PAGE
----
So, according to our Martian Seeded Life theory, let us imagine now our fertile Mars and its sterile neighbor the Earth some two billion years ago. Imagine the Earth’s empty oceans devoid of nucleotides and devoid of any amino acids. Then imagine suddenly, a meteoroid from Mars plunging into the Earth’s ocean and releasing a few replicating molecules into the sterile depths. What then happens to the replicators? If there are no nucleotides present for them to consume, the replicators soon yield to entropy and disintegrate. If the replicators have their own supply of nucleotides that have somehow hitch-hiked a ride on the meteorite, they start replicating and eventually exhaust their limited supply. They too, are left subject to entropy and the hostile forces of the primitive Earth. In short, much like the tropical plant that will not take seed in a desert environment, no matter how complex this alleged life or molecule from Mars was, it would have been a virtual impossibility for it to take root on a sterile planet. Even if we assumed living bacteria containing chlorophyll arrived from Mars — and could produce its own energy by the Sun — we run into the same class of problems. Though the bacteria may have had the ability to synthesize sugar with sunlight, it still would have required carbon-dioxide and water. Could the early Earth have had carbon-dioxide in its early environment? Yes, of course, with volcanic activity it was plausible. But bear in mind that plants with chlorophyll that produce their own sugar with sunlight also respire and use oxygen to burn the sugar molecule for energy. Was there oxygen in the early Earth’s atmosphere? Yes, perhaps. That is plausible too.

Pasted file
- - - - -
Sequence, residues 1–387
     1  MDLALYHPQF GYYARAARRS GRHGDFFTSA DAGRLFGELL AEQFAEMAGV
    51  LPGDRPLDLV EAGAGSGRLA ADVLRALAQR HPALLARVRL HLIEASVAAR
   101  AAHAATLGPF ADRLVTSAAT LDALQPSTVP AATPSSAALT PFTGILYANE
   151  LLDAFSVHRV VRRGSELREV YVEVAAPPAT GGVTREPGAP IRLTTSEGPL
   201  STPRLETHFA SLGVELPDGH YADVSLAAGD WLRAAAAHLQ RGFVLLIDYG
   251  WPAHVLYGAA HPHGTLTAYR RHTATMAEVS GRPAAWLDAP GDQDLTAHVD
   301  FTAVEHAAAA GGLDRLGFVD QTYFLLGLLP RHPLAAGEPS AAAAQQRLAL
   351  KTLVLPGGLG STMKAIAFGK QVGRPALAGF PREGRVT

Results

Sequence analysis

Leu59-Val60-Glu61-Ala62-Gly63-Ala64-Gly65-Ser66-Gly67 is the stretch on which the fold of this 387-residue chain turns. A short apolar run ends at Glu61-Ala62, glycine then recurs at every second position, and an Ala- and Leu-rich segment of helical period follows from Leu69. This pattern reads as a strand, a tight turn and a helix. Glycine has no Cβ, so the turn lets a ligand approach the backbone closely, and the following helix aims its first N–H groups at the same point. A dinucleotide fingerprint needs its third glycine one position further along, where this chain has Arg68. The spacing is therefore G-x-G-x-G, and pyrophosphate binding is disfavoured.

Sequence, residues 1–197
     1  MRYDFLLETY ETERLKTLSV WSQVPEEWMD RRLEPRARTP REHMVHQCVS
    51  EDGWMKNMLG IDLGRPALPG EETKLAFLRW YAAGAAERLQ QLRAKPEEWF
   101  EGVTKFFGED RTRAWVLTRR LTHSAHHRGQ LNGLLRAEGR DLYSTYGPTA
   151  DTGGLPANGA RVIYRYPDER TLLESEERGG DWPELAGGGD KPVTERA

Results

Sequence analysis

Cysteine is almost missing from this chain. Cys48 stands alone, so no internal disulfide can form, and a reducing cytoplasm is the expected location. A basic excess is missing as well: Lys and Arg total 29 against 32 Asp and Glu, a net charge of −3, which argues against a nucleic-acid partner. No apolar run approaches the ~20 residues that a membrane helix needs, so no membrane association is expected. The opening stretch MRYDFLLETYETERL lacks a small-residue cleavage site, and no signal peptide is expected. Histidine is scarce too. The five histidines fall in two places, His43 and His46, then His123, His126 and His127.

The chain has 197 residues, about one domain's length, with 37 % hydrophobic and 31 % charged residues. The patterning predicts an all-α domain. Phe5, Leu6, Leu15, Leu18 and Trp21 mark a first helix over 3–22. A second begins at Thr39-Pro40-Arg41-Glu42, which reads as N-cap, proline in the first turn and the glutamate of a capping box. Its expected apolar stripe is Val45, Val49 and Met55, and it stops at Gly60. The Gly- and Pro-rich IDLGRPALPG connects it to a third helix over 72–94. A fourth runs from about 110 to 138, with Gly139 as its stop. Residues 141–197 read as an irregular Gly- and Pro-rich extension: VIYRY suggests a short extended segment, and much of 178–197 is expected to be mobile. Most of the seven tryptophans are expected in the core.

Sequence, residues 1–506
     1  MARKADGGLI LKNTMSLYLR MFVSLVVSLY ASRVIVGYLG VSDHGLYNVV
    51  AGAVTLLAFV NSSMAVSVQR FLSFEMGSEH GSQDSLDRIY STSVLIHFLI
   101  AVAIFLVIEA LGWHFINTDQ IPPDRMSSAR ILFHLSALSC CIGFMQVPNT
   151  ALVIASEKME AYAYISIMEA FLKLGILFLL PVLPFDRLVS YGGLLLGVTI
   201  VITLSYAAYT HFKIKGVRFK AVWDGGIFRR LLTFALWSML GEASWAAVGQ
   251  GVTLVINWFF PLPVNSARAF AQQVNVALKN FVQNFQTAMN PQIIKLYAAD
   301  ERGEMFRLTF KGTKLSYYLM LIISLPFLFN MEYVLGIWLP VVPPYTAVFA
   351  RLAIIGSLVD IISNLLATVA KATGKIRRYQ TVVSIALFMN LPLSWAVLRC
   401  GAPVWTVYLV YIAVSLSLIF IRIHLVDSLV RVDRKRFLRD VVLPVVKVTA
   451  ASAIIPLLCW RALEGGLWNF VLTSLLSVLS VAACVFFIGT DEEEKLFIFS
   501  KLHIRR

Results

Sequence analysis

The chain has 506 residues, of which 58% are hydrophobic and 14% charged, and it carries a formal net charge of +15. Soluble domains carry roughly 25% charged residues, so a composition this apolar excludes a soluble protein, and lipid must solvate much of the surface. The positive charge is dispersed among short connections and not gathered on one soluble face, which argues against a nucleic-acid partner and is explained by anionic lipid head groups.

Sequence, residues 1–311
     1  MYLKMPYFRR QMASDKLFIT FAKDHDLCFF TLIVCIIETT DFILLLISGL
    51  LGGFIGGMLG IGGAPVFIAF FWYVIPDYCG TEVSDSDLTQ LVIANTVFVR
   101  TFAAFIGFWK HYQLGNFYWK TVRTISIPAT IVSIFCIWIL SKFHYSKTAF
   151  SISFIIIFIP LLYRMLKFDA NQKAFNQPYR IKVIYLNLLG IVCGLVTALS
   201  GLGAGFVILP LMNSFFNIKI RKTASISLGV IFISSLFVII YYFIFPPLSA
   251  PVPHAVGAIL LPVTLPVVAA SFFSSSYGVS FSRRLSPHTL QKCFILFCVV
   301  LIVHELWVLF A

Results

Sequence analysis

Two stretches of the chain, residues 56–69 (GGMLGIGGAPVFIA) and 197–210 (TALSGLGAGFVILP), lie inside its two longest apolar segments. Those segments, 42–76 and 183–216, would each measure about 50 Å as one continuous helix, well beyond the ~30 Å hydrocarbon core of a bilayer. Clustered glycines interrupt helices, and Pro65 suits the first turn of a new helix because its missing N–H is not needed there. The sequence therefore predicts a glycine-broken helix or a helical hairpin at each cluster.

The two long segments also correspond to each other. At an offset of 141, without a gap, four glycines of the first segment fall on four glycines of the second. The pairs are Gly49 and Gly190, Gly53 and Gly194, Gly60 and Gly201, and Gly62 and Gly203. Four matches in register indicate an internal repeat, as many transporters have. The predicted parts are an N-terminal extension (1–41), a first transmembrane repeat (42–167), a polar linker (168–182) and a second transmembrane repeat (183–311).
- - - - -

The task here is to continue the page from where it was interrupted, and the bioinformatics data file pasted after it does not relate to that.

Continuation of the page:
But now we come to see the fallacy in this line of thinking. If we assume the early Earth had carbon dioxide and oxygen and you allow for this in a theory whereby Mars seeded chlorophyll-containing bacteria to our planet, is it not then far simpler to assume chlorophyll bacteria emerged first on Earth? Likewise, if you assume that a sugar-phosphate replicator molecule arrived here from Mars and found the oceans already teeming with nucleotides ready to support unlimited replication, does that not violate Occam’s Razor when you have to multiply probabilities and assume an evolution of nucleotides on Mars (to birth the replicator molecule) and then a separate evolution on Earth (to support the replicators once they arrived)?